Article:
• Administrative wage garnishment;
    • Assessment of collection costs;
    • Assignment of account to collection vendors;
    • Credit reporting;
    • Loss of financial aid eligibility;
    • Seizure of Texas lottery winnings;
    • Reimbursements (warrants) from the Texas State Comptroller may be withheld;
    • Suspension or denial of state licensing (including professional and handgun licensing);
    • Holds on transcripts and academic records; and
    • Seizure of any U.S. Treasury payments the borrower is due (including, but not limited to, the borrower’s IRS tax refund).

    For additional information on the consequences of default, visit AIE's "Consequences of Default" page.

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  7. What does delinquent mean?

    This is when the monthly payment on a loan is past due.

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  8. How can I get a grant or scholarship?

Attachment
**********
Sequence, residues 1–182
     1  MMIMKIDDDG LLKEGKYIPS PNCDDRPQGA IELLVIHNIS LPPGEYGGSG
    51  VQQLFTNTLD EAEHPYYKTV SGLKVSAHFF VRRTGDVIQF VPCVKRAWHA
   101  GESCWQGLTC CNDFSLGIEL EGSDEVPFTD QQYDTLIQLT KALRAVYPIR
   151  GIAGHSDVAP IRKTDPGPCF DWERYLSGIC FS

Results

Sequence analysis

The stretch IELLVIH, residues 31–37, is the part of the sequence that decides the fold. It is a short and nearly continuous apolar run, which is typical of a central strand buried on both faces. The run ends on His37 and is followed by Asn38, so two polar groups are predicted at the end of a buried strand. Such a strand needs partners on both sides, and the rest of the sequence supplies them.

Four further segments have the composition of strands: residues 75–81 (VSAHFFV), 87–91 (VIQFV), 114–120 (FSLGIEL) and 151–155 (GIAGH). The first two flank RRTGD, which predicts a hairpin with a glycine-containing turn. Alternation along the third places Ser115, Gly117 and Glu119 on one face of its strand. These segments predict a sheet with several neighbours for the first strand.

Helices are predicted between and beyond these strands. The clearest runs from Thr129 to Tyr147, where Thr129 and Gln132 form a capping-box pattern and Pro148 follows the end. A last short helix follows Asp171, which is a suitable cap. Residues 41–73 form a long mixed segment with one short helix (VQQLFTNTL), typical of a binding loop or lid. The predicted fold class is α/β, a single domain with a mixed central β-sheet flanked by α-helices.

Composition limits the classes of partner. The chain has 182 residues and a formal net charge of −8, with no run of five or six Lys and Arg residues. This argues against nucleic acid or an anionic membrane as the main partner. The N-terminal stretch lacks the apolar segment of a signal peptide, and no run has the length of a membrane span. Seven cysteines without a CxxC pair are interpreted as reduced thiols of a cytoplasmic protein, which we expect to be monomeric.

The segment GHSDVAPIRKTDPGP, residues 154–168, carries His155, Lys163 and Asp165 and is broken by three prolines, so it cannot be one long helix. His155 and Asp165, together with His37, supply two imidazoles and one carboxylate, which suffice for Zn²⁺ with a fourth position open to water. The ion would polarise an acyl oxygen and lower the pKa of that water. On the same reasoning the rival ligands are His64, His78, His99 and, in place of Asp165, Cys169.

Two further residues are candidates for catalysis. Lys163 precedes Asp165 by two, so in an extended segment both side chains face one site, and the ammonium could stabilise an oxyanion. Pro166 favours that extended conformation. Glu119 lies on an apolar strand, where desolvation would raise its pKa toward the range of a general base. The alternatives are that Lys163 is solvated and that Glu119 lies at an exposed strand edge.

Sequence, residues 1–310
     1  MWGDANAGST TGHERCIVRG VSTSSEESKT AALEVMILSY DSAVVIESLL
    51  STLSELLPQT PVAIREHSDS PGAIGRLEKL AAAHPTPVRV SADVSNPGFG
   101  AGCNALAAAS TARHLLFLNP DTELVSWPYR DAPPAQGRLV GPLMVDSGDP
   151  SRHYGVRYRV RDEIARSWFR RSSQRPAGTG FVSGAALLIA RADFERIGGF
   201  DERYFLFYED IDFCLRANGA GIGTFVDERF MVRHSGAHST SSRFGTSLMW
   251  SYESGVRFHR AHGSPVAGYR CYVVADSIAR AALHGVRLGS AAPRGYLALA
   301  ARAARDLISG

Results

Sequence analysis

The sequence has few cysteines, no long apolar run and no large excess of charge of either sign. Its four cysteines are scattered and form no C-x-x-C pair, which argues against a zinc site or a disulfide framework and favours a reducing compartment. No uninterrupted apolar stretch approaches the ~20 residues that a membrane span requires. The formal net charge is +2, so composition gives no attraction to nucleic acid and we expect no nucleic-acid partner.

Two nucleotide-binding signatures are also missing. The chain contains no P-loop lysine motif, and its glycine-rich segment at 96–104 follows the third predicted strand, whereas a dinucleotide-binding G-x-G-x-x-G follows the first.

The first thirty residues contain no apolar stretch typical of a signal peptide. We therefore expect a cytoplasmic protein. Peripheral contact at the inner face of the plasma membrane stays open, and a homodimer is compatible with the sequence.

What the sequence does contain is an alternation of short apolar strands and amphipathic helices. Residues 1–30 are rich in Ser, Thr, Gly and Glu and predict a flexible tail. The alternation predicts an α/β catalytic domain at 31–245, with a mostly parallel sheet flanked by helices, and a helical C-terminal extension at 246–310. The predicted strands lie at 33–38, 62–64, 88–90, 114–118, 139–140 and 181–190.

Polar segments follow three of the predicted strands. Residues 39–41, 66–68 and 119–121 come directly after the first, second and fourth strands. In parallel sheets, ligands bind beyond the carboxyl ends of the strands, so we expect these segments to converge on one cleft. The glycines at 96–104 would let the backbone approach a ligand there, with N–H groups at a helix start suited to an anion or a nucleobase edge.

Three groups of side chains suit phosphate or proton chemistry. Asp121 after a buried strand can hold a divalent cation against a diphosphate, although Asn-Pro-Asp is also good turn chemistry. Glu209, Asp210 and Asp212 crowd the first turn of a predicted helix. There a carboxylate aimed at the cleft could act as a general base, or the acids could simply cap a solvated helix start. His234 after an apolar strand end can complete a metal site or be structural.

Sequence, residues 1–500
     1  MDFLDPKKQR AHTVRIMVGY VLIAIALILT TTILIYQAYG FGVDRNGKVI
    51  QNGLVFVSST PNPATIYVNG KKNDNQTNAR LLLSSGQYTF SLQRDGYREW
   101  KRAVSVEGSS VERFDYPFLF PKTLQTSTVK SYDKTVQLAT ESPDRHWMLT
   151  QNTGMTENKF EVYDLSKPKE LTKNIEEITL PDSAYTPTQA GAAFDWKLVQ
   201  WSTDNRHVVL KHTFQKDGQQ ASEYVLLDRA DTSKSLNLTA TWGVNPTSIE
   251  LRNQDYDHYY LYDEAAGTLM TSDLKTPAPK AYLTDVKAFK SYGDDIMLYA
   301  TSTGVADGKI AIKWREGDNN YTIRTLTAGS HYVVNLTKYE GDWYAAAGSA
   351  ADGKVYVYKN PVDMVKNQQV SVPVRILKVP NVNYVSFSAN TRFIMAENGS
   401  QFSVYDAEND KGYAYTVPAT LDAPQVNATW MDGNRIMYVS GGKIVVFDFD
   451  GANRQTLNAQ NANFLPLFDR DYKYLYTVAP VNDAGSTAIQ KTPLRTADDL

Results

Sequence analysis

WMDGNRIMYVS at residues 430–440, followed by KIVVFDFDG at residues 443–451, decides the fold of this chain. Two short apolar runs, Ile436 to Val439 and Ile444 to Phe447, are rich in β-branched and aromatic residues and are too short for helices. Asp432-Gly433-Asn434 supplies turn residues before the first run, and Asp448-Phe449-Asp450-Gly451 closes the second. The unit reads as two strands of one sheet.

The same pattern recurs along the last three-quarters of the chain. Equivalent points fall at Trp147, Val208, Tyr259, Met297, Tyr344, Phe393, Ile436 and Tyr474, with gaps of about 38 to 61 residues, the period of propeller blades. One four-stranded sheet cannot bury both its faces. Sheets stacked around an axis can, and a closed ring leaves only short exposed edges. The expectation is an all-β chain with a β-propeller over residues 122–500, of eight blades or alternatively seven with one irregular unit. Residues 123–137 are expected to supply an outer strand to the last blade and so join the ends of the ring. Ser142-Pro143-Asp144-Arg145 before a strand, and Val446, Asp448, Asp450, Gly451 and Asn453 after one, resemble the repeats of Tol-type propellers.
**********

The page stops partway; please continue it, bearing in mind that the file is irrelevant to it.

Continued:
To determine eligibility for a federal grant or state grant, complete the Free Application for Federal Student Aid (FAFSA). You can submit the FAFSA online by going to http://www.fafsa.ed.gov. To determine your eligibility for a scholarship, access the AIE Scholarship Search. Not all scholarship awards are determined by academic achievement. You should also contact the school you are interested in attending to see if you qualify for any aid they offer. Your local library may also have information on grants and scholarships. Students can also check the local paper for scholarship opportunities offered by civic and non-profit organizations in addition to the library resource.

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  9. How much can I borrow under the federal Stafford loan program?

    Please refer to the following for information on Stafford loan limits:

    Federal Stafford Loan maximums1
    Annual limits per year of study

    Dependent undergraduates2
    Year Max. (subsidized and unsubsidized)3
    First year$5,500 — no more than $3,500 of this amount may be subsidized